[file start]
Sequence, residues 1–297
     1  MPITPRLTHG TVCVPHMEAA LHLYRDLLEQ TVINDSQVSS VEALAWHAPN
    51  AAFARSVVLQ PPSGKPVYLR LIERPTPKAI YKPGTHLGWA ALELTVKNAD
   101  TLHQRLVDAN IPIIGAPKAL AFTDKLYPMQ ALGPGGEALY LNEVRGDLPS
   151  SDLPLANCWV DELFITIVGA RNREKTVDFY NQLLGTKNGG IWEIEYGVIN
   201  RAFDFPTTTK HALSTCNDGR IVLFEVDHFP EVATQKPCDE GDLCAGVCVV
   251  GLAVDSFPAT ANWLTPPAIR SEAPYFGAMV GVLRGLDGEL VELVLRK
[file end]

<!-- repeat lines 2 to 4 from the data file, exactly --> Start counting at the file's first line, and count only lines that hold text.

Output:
     1  MPITPRLTHG TVCVPHMEAA LHLYRDLLEQ TVINDSQVSS VEALAWHAPN
    51  AAFARSVVLQ PPSGKPVYLR LIERPTPKAI YKPGTHLGWA ALELTVKNAD
   101  TLHQRLVDAN IPIIGAPKAL AFTDKLYPMQ ALGPGGEALY LNEVRGDLPS